5
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Please review my code below. I am studying the Strategy Design Pattern and I think I have implemented it correctly. Please check. I have tried to split the method definitions and the prototypes as much as possible so there are many files. Any comments are welcome.

The code is copied here by a one liner in from the Linux shell, so there are no copy-paste errors. I have no makefile, I used Code::Blocks; it generated the following g++ commands:

g++ -Wall -g  -c /mnt/home/Data_MaOt/Short_C_and_Cpp_progs/DesignPatterns/StrategyPattern/CCar.cpp -o obj/Debug/CCar.o
g++ -Wall -g  -c /mnt/home/Data_MaOt/Short_C_and_Cpp_progs/DesignPatterns/StrategyPattern/CFourWheelPowered.cpp -o obj/Debug/CFourWheelPowered.o
g++ -Wall -g  -c /mnt/home/Data_MaOt/Short_C_and_Cpp_progs/DesignPatterns/StrategyPattern/CFrontWheelPowered.cpp -o obj/Debug/CFrontWheelPowered.o
g++ -Wall -g  -c /mnt/home/Data_MaOt/Short_C_and_Cpp_progs/DesignPatterns/StrategyPattern/CPropagationBase.cpp -o obj/Debug/CPropagationBase.o
g++ -Wall -g  -c /mnt/home/Data_MaOt/Short_C_and_Cpp_progs/DesignPatterns/StrategyPattern/CRearWheelPowered.cpp -o obj/Debug/CRearWheelPowered.o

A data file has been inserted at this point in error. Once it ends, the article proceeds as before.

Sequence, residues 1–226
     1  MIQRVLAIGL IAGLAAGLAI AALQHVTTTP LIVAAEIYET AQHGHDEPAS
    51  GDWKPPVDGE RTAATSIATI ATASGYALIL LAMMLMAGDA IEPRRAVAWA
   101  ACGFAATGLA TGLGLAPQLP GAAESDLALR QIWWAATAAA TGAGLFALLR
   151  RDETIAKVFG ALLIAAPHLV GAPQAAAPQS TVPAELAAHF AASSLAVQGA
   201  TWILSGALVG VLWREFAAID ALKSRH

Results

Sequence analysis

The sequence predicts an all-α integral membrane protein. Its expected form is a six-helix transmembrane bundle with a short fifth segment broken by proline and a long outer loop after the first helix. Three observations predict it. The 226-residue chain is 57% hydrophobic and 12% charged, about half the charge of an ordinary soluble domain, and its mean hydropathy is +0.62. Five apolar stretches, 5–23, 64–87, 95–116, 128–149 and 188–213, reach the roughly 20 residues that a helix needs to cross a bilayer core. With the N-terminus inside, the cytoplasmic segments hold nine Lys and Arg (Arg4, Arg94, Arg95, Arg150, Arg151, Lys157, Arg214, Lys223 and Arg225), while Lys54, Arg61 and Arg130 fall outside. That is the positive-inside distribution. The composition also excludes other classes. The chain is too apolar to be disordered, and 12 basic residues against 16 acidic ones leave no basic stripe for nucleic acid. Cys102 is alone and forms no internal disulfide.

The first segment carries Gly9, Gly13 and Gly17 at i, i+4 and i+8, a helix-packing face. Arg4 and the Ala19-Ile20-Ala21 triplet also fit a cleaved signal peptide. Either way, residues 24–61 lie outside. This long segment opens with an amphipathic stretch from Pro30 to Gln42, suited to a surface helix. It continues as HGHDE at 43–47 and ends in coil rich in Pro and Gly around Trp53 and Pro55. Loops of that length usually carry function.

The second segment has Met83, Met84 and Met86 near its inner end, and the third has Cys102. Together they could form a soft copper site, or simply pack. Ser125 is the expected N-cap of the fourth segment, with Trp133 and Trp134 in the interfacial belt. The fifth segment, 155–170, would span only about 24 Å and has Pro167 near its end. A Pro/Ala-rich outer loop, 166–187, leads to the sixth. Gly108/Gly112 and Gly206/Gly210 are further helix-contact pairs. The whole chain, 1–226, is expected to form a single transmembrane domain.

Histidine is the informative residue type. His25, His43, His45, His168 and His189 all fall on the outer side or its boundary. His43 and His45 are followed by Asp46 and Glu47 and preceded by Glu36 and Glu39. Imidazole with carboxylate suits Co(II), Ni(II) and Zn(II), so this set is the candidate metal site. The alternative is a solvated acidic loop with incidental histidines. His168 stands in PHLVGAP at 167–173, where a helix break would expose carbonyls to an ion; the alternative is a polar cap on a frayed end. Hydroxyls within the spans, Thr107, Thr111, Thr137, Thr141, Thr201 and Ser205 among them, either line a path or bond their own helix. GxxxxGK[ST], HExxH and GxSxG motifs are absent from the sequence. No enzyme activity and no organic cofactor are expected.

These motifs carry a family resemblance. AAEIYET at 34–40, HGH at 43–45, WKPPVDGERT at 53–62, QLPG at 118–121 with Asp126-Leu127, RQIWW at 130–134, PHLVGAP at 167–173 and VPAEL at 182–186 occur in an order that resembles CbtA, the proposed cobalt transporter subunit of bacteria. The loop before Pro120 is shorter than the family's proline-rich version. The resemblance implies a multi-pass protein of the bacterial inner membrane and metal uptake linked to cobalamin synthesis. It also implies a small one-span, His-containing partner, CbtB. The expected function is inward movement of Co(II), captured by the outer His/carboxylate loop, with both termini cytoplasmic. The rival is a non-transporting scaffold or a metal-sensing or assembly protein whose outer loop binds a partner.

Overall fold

g++ -Wall -g  -c /mnt/home/Data_MaOt/Short_C_and_Cpp_progs/DesignPatterns/StrategyPattern/main.cpp -o obj/Debug/main.o
g++  -o bin/Debug/StrategyPattern obj/Debug/CCar.o obj/Debug/CFourWheelPowered.o obj/Debug/CFrontWheelPowered.o obj/Debug/CPropagationBase.o obj/Debug/CRearWheelPowered.o obj/Debug/main.o

The idea is that the CCar class has one way to propagate at a time, presented to it through a pointer iPropagationBasePtr that can contain objects of three derived classes: CFourWheelPowered, CFrontWheelPowered or CRearWheelPowered.

CCar.cpp

#include "CCar.h"

CCar::CCar()
{
    iPropagationBasePtr = new CPropagationBase();
}

CCar::~CCar()
{
    DeletePropagationMethod();
}

void CCar::DeletePropagationMethod()
{
    delete iPropagationBasePtr;
    iPropagationBasePtr = NULL;
}

void CCar::SetFrontWheelPowered()
{
    DeletePropagationMethod();
    iPropagationBasePtr = new CFrontWheelPowered();
}

void CCar::SetRearWheelPowered()
{
    DeletePropagationMethod();
    iPropagationBasePtr = new CRearWheelPowered();
}

void CCar::SetFourWheelPowered()
{
    DeletePropagationMethod();
    iPropagationBasePtr = new CFourWheelPowered();
}

void CCar::PropagateMyCar()
{
    if (iPropagationBasePtr != NULL)
    {
        iPropagationBasePtr->Propagate();
    }
    else
    {
        printf("CCar::PropagateMyCar(): Don't know how to propagate the car (iPropagationBasePtr= %p).\n", iPropagationBasePtr);
    }
}

CCar.h

#ifndef _CCAR_H_
#define _CCAR_H_

#include "CPropagationBase.h"

#include "CFourWheelPowered.h"
#include "CRearWheelPowered.h"
#include "CFrontWheelPowered.h"

class CCar
{
public:
    CCar();
    ~CCar();

    void SetFrontWheelPowered();
    void SetRearWheelPowered();
    void SetFourWheelPowered();
    void PropagateMyCar();

private:
    void DeletePropagationMethod();

    CPropagationBase* iPropagationBasePtr;


};

#endif // _CCAR_H_